Swelling is a typical sign for any person who just had dental surgery. Since our gums and bones are sensitive to any pain, the body will try to recuperate in any way. Gums hold lots of nerves and tissues that may react either positively or negatively to dental trauma. Reasons for swelling after tooth extraction may vary and may have its risky health concerns. When you experience any other symptoms or complications, don’t hesitate to visit your dentist. Any toothache and bleeding may tell you underling dental conditions that you have. You may want to know more about the facts of tooth extraction, so visit www.toothsome.com.au/wisdom-teeth-removal-recovery/ to prepare before your surgery.
What Causes Swelling After Tooth Extraction?
Having your tooth extraction feels satisfying, especially if you’re suffering from wisdom tooth pain. At the same time, you may worry about the instant side-effects of this dental surgery. Swelling after tooth extraction is one of the common results for a patient to experience. Definitely, you might be thinking what’s causing the swelling. Immediately, dentists will tell you that this is due to the gums adjusting to the dental trauma. However, in some instances, food stuck in the area where there was extraction can worsen the situation. Also, bacteria and germs forming after the removal can even swell the gums. If your gums are not healing due to blood clotting problems, then you may see your gums swell all the more.
5 Oral Health Problems Linked To Swelling
Complications on a person’s mouth can prevent the person from eating, breathing, and speaking correctly. Unfortunately, these dental concerns can also come from swelling after tooth extraction. While some symptoms can show average results of side-effects in dental surgery, one should not neglect recurring signs. What are the other dental complications linked to swelling that may happen?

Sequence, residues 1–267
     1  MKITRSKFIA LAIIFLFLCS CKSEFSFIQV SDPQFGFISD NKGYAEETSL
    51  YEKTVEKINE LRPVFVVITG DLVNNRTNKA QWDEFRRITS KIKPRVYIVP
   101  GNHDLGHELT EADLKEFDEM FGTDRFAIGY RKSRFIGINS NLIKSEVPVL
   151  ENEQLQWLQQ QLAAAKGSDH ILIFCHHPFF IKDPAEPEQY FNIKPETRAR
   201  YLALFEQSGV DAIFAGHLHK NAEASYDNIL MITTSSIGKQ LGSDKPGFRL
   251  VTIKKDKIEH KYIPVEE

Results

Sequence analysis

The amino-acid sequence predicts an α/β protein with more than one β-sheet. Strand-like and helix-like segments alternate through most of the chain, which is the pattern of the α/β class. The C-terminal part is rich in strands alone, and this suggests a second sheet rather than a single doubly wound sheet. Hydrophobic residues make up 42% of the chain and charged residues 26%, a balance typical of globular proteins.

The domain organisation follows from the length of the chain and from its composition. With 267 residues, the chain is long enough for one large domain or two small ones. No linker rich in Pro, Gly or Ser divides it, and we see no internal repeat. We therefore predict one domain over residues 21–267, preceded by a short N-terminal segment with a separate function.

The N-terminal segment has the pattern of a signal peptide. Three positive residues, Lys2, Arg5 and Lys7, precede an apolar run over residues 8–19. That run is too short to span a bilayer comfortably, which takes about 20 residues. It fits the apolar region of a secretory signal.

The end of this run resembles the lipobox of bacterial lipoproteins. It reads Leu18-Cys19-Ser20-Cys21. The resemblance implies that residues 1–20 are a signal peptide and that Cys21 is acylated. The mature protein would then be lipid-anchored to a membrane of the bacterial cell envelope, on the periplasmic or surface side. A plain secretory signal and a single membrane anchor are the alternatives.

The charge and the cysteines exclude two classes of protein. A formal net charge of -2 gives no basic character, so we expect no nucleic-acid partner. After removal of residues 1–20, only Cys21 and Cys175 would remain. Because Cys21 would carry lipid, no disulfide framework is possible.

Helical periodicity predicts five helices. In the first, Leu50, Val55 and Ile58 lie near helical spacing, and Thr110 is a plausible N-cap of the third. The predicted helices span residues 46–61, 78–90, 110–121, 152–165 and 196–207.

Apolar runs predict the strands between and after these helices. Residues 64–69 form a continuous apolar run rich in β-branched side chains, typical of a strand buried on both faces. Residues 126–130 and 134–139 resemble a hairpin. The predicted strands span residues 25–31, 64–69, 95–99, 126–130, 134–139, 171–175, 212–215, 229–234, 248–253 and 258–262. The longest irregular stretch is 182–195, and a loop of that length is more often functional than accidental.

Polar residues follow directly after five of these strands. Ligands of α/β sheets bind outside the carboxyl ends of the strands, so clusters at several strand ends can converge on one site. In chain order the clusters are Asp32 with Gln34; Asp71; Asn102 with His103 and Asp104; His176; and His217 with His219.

Dry Socket (alveolitis)
One of the worst cases for a person to ever experience is to have a dry socket problem. Dry socket or alveolitis happens when the socket did not heal fully. Blood clot issues can occur if a person’s blood was not able to coat the exposed wound. Hence, it is a possible site for infection and spreading of germs.
When the fatty tissues in the bone have an inflammation right after dental surgery, osteomyelitis may happen. The jaw bone can get exposed to dental trauma as well. Dentists tell that osteomyelitis can occur when there’s a bone infection that spread through the bloodstream of a person.
If bleeding after your dental surgery does not stop and swelling worsens, you may want to contact your doctor. Usually, a person should only experience heavy bleeding 24 hours after the tooth extraction.
If your jaw is not recovering after a tooth extraction, your bone can suffer from lack of blood. Osteonecrosis of the jaw is the death of the jawbone where your tooth was sitting. This dental problem can happen when patients are given drugs with Bisphosphonates as an ingredient.
Trismus or lockjaw is a complicated jaw problem that usually has many factors for happening. Although it is not rare to experience lockjaw after a tooth extraction, it’s not one of the common dental complications. When a muscle spasm occurs, the jaw can’t move properly, causing it to lock in place. On the other hand, some dental professionals were able to research an occurrence where TMJ (Temporomandibular joint) Disorder and dental trauma happening right after tooth extraction.
How Can You Treat Swelling?
If you’re experiencing swelling at home, you may want to use an ice pack instantly to the area where it is swelling. But, if you can visit a doctor right away, it may be more advisable. Some patients may also use antibiotics or pain relief to make the pain go away. However, some dental researchers also talk about the risks of using antibiotics right after swelling. In some instances, these antibiotics have ingredients that create side-effects that enhance the swelling of gums.